TOP OF THE LADDER: Marine Operations in the Northern Solomons
by Captain John C. Chapin, USMCR (Ret)
The author owes a substantial debt to Cyril J.
O'Brien who was a Marine Combat Correspondent on Bougainville. A draft
he prepared describing this operation used U.S. Army, Coast Guard, and
New Zealand as well as Marine Corps sources, and contained a variety of
colorful vignettes and personal interviews, with some photographs not in
official USMC files, all gratefully acknowledged.
As always, the basic official Marine history of the
Pacific campaigns covers Bougainville and the auxiliary landings in
massive detail: Henry I. Shaw, Jr., and Maj Douglas T. Kane, USMC,
Isolation of Rabaul, vol. 2, History of U.S. Marine Corps
Operations in World War II (Washington: Historical Branch, G-3
Division, Headquarters, U.S. Marine Corps, 1963).
An earlier, more condensed official history is Maj
John N. Rentz, USMCR, Bougainville and the Northern Solomons
(Washington: Historical Section, Division of Public Information,
Headquarters, U.S. Marine Corps, 1948).
The earliest, most modest official account is a
mimeographed summary, characterized as a "first attempt": U.S. Marine
Corps, Headquarters, Historical Division. Unpublished monograph: "The
Bougainville Operation, First Marine Amphibious Corps, 1 November-28
December 1943," dtd Feb45. VE603 1st .A2, Library, Marine Corps
Historical Center, Washington, D.C.
A quasi-official history of the 3d Marine Division
was "made possible by the Commandant, who authorized the expenditure of
the division's unused Post Exchange funds.
The final draft was approved by a group of 3d
Division officers The book is: 1stLt Robert A. Aurthur, USMCR, and 1stLt
Kenneth Cohlmia, USMCR, edited by LtCol Robert T. Vance, USMC, The
Third Marine Division (Washington: Infantry Journal Press.
An account representing direct personal participation
in the campaign, supplemented by later interviews, is: Capt John A.
Monks, Jr., A Ribbon and a Star: The Third Marines at
Bougainville (New York: Holt and Co., 1945).
Another history traces the campaign on the island
past the Marine operation to the subsequent U.S. Army battles, and
concludes with the Australians as the final troops leading to the
overall Japanese surrender in 1945: Harry A. Gailey. Bougainville
1943-1945The Forgotten Campaign (Lexington, Ky: University
Press of Kentucky, 1991).
The full story of the crucial naval battle as the
Marines landed is in RAdm Samuel Eliot Morison, Breaking the Bismarck
Barrier, 22 July 1942-1 May 1944, vol. 6, History of United
States Naval Operations in World War II (Boston: Little Brown and
A detailed account of the death of Adm Yamamoto is in
R. Cargil Hall, ed., Lightning Over Bougainville (Washington:
Smithsonian Institution Press, 1991).
Personal Papers and Oral Histories files at the
Marine Corps Historical Center were unproductive, but the biographical
and photographic files were most helpful. The staff of the Marine Corps
Historical Center was always cooperative, in particular Catherine Kerns,
who prepared my manuscript copy.
About the Author
Captain John C. Chapin earned a bachelor of arts
degree with honors in history from Yale University in 1942 and was
commissioned later that year. He served as a rifle platoon leader in the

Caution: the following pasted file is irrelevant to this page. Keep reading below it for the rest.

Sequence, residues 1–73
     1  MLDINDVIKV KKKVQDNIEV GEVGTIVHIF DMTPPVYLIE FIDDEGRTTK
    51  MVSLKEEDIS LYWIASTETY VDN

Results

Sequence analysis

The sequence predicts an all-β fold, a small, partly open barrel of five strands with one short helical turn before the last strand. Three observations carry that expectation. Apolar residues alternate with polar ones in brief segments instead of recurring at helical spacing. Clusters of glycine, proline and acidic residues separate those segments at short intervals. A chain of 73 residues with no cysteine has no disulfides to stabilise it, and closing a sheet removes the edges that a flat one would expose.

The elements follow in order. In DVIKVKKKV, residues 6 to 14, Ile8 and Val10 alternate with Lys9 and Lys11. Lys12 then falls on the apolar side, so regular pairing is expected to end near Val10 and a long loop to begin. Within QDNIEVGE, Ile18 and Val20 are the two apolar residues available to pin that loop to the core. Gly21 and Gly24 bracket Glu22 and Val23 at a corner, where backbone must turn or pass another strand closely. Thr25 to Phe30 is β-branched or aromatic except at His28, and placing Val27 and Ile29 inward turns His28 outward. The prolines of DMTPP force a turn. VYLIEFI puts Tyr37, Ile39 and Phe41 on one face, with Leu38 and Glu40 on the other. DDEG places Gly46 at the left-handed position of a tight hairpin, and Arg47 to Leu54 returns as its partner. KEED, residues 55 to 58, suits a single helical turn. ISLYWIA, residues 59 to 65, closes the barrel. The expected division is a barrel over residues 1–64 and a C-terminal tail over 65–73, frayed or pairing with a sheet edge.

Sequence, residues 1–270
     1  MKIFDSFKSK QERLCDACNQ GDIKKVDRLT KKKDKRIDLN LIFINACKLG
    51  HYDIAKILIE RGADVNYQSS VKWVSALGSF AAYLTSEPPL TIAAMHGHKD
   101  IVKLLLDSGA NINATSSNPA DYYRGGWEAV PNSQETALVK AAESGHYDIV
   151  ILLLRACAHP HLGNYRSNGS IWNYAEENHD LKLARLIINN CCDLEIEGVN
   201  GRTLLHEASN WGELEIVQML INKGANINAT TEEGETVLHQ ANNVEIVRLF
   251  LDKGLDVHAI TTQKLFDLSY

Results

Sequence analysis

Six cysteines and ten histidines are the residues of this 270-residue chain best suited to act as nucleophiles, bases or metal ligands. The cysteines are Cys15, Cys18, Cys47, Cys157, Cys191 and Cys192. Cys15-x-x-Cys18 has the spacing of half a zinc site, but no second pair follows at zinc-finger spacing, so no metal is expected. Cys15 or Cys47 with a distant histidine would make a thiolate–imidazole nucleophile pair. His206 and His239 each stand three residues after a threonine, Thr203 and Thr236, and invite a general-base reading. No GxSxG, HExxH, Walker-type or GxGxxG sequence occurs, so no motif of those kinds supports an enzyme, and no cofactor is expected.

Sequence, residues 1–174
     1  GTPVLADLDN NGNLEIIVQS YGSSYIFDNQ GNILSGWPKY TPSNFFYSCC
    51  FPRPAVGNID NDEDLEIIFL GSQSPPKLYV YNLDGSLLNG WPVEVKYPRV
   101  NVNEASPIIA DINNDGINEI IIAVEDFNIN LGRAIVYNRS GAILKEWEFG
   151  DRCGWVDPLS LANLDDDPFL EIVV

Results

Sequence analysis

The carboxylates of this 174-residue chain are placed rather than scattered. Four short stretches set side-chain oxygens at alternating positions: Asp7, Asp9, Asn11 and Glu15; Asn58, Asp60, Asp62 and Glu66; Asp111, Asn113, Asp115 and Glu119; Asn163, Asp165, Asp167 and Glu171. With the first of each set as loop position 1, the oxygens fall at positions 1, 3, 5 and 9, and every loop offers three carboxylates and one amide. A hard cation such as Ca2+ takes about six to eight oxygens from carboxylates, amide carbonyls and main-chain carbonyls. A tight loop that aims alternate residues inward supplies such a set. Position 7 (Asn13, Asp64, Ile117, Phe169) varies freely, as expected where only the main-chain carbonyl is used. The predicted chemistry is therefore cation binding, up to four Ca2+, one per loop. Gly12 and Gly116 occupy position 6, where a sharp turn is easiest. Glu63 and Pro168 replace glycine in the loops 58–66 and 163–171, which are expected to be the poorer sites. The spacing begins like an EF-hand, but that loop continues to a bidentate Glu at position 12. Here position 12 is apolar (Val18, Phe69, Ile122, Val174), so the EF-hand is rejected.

24th Marines, 4th Marine Division, and was wounded in action during
assault landings on Roi-Namur and Saipan.
Transferred to duty at the Historical Division,
Headquarters Marine Corps, he wrote the first official histories of the
4th and 5th Marine Divisions. Moving to Reserve status at the end of
World War II, he earned a master's degree in history at George
Washington University with a thesis on "The Marine Occupation of Haiti,
Now a captain in retired status, he has been a
volunteer at the Marine Corps Historical Center for 12 years. During
that time he wrote History of Marine Fighter-Attack (VMFA) Squadron
115. With support from the Historical Center and the Marine Corps
Historical Foundation, he then spent some years researching and
interviewing for the writing of a new book, Uncommon Men: The
Sergeants Major of the Marine Corps, published in 1992 by the White
Mane Publishing Company.
Subsequently, he wrote four monographs for this
series of historical pamphlets, commemorating the campaigns for the
Marshalls, Saipan, Bougainville, and Marine Aviation in the Philippines
THIS PAMPHLET HISTORY, one in a series devoted
to U.S. Marines in the World War II era, is published for the education
and training of Marines by the History and Museums Division,
Headquarters, U.S. Marine Corps, Washington, D.C., as a part of the U.S.
Department of Defense observance of the 50th anniversary of victory in
Editorial costs of preparing this pamphlet have been
defrayed in part by a bequest from the estate of Emilie H. Watts, in the
memory of her late husband, Thomas M. Watts, who served as a Marine and
was the recipient of a Purple Heart.
WORLD WAR II COMMEMORATIVE SERIES
DIRECTOR OF MARINE CORPS HISTORY AND MUSEUMS
Brigadier General Edwin H. Simmons, USMC (Ret)
WORLD WAR II COMMEMORATIVE SERIES
Benis M. Frank
George C. MacGillivray
EDITING AND DESIGN SECTION, HISTORY AND MUSEUMS DIVISION
Robert E. Struder, Senior Editor; W. Stephen Hill, Visual
Catherine A. Kerns, Composition Services
Technician, R.D. Payne, VolunteerWeb Edition
Marine Corps Historical Center
Building 58, Washington Navy Yard
Washington, D.C. 20374-5040
PCN 190 003141 00